Harve Presnell obituary in “The Guardian” in 2009.
The Hollywood musical has produced several powerful, handsome baritones, the best of them being Nelson Eddy, Howard Keel and Harve Presnell. Unfortunately, Presnell, who has died of pancreatic cancer aged 75, came into the film musical when it was in a rather moribund state. However, he managed to sustain a singing career in stage musicals, where his rich operatic voice could be appreciated, and later, thanks to the Coen brothers’ Fargo (1996), he had a second coming as an imposing character actor on the big screen.
The dramatic strength and beauty of his voice can best be judged in his first film, The Unsinkable Molly Brown (1964), in which he played a backwoods prospector who strikes it rich. The 6ft 4in Presnell had created the role of Johnny “Leadville” Brown in Meredith Willson’s musical on Broadway four years previously, opposite Tammy Grimes in the title role of his wife, who survives the sinking of the Titanic. The film version, in which Debbie Reynolds was his buoyant partner, allowed Presnell to open up his lungs and sing I’ll Never Say No and Colorado My Home against the CinemaScope background of Black Canyon National Park in Colorado. According to the Variety critic: “Harve Presnell … makes a generally auspicious screen debut … His fine, booming voice and physical stature make him a valuable commodity for Hollywood.” This was not to be. Presnell was to make only four more feature films during the next three decades, only two of them musicals.
He was born in Modesto, California. After graduating from Modesto high school, he studied voice at the University of Southern California, although he first went there on a sports scholarship. After university, he performed with the Roger Wagner Chorale and can be heard as soloist on their Christmas album Joy to the World, as well as on Folk Songs of the New World and Folk Songs of the Frontier. In 1960, he recorded the baritone part in Carl Orff’s Carmina Burana with the Philadelphia Orchestra under Eugene Ormandy.
Willson had heard Presnell singing at a concert in Berlin and immediately suggested him for the part of Johnny Brown on Broadway. The Unsinkable Molly Brown ran for more than 500 performances, with Presnell gaining glowing reviews. After the successful film adaptation, Presnell, his hair dyed blond, was in the misguided swinging 60s version of George Gershwin’s Girl Crazy, retitled When the Girls Meet the Boys (1965), but he got to sing the evergreen Embraceable You. There were no songs in The Glory Guys (1965), a Cavalry vs Indians western that focused mainly on the rivalry between Captain Tom Tryon and scout Presnell over pretty Senta Berger. The two men have a semi-comic fight on a staircase, finally learning mutual respect. Although Presnell lost the girl, his performance won the most plaudits.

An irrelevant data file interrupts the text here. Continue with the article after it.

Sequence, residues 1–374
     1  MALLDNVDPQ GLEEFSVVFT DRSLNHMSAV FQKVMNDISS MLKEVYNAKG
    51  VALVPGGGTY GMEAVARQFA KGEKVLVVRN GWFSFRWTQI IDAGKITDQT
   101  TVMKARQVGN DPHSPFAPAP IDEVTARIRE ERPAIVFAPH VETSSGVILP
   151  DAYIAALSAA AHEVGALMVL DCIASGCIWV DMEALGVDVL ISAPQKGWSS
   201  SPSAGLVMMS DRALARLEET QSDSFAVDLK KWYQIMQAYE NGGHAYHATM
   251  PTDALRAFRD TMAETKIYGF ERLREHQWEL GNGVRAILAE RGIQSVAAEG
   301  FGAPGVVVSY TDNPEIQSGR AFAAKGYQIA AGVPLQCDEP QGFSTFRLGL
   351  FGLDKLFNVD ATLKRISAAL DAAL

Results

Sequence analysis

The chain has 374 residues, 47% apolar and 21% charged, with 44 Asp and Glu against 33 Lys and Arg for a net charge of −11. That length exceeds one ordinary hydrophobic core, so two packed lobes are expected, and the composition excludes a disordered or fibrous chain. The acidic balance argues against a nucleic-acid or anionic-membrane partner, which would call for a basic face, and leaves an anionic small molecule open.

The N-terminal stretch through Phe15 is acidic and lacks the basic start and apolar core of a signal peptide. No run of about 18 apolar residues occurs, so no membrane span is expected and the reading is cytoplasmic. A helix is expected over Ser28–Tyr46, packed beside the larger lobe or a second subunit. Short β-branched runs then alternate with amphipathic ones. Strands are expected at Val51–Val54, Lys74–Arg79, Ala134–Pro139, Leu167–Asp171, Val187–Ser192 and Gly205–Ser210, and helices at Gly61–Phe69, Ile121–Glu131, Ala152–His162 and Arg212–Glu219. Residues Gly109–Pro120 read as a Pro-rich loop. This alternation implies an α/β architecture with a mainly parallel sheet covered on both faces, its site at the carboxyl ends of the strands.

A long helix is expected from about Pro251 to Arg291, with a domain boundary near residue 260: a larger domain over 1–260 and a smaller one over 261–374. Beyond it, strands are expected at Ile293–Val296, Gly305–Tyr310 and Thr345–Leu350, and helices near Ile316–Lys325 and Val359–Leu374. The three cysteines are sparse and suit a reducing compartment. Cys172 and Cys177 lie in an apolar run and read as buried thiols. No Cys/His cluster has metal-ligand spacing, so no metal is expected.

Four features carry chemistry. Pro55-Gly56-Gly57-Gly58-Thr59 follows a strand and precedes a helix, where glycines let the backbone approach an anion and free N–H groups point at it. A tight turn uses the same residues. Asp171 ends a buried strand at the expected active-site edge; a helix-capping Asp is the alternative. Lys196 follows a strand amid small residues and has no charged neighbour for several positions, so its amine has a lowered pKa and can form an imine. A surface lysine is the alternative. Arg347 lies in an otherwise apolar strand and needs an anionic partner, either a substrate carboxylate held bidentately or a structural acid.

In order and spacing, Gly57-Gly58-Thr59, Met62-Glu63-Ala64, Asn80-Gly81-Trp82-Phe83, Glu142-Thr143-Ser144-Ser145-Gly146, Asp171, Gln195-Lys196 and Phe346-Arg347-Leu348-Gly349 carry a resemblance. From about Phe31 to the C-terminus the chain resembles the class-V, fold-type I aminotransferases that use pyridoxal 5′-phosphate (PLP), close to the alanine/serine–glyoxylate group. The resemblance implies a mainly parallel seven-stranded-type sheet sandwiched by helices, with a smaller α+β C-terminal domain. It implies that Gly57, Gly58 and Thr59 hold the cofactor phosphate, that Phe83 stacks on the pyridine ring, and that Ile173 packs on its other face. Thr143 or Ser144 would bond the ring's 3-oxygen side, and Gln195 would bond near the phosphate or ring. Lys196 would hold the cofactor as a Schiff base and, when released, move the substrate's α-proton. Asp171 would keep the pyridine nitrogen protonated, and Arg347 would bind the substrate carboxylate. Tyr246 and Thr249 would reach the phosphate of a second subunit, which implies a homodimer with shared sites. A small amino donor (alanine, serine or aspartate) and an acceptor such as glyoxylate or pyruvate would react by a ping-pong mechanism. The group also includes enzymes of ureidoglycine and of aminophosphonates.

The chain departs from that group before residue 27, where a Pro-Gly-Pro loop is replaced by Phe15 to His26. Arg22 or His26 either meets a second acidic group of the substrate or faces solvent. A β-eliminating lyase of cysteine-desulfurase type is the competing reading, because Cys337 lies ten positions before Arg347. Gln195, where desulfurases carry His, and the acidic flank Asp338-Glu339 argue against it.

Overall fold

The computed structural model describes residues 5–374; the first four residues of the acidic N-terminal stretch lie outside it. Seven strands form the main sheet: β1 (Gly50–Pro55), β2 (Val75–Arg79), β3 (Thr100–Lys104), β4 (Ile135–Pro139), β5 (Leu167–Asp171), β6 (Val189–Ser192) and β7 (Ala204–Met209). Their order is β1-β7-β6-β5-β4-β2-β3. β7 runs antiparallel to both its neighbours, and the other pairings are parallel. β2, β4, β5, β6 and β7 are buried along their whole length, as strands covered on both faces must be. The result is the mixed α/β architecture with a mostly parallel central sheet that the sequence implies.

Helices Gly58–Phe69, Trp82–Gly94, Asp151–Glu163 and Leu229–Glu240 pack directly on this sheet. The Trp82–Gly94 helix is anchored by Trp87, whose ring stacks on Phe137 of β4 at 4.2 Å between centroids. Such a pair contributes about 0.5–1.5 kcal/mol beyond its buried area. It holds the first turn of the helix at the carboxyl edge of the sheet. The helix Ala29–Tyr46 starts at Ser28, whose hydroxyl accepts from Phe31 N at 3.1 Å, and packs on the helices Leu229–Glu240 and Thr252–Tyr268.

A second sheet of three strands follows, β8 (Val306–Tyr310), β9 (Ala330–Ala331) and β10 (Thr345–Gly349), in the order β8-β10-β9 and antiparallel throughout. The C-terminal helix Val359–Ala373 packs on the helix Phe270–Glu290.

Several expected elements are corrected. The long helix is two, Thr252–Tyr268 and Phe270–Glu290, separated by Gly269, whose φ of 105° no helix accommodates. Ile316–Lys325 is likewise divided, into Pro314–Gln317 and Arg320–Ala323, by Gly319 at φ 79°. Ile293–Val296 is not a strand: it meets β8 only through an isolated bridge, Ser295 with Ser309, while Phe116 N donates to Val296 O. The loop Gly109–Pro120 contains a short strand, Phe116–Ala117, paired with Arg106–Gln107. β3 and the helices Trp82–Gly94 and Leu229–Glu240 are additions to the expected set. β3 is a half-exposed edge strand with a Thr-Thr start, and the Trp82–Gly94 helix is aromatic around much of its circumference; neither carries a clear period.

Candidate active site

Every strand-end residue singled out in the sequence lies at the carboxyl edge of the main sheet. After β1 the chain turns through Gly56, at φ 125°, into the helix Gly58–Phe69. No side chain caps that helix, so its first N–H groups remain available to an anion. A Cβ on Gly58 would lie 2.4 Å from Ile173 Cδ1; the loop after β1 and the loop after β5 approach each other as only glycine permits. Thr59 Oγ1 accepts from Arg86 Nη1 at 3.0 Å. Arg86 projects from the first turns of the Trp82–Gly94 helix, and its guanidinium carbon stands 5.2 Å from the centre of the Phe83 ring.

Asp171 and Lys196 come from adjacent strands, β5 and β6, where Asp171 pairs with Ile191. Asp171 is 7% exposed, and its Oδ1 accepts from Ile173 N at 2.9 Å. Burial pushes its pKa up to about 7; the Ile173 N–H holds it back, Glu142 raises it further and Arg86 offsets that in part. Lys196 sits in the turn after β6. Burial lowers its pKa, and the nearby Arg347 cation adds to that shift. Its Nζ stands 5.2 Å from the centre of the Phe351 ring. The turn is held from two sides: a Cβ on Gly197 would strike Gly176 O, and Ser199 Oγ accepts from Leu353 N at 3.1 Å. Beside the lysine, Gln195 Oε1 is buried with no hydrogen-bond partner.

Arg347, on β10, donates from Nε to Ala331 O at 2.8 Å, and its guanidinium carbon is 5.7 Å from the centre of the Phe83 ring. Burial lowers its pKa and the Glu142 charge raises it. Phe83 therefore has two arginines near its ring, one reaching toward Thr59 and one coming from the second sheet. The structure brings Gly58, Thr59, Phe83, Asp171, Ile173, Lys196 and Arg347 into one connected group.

Presnell’s last screen musical was Joshua Logan’s elephantine Paint Your Wagon (1969), in which he was the only true singer: his virile rendition of They Call the Wind Maria shows up the inadequate warbling of Lee Marvin, Clint Eastwood and Jean Seberg. After a low-budget horror movie, Blood Bath (1975), Presnell’s film career was on hold until 1996.
In the intervening years, Presnell starred in a number of musicals, including the doomed Gone With the Wind at Drury Lane in 1972, in which he had the dubious privilege of playing Rhett Butler, and a revival of Annie Get Your Gun (1977) in San Francisco opposite Reynolds, formerly his Molly Brown. But his biggest success was as Daddy Warbucks in the long-running Annie, in which he toured from 1979 to 1981, and then took over the role on Broadway for two years. He continued to play Warbucks in Annie 2: Miss Hannigan’s Revenge, which folded during its Washington tryout, and in another version of the story off-Broadway called Annie Warbucks in 1993. Presnell calculated that he played Little Orphan Annie’s millionaire benefactor more than 2,000 times.
For Presnell, 1996 was an annus mirabilis; he appeared in no less than four feature films, and three television shows, including an episode of Star Trek: Voyager. Most significant was his role as Wade Gufstason in Joel and Ethan Coen’s film Fargo. Presnell, who had a dialogue coach to teach him the Minnesotan accent, played William H Macy’s despotic father-in-law. Now bald and with a considerable girth, Presnell was a long way from the handsome young singer of the early 60s. “He actually did a ‘dancin’ in the snow’ musical number but we cut it out for length,” joked Joel Coen.
His other movies of that year were Larger Than Life, The Whole Wide World and The Chamber, in all of which he used his commanding voice playing authoritarian figures. From then on, in marked contrast to the lean years, Presnell was never short of work, whether guest starring in TV series such as Dawson’s Creek (2001) and Andy Barker P.I. (2007), or appearing as General George Marshall in Steven Spielberg’s Saving Private Ryan (1998), or as a congressman in his last film, Evan Almighty (2007).
Presnell is survived by his second wife, Veeva, and six children, three from each of his marriages.
• Harve (George Harvey) Presnell, actor and singer, born 14 September 1933; died 30 June 2009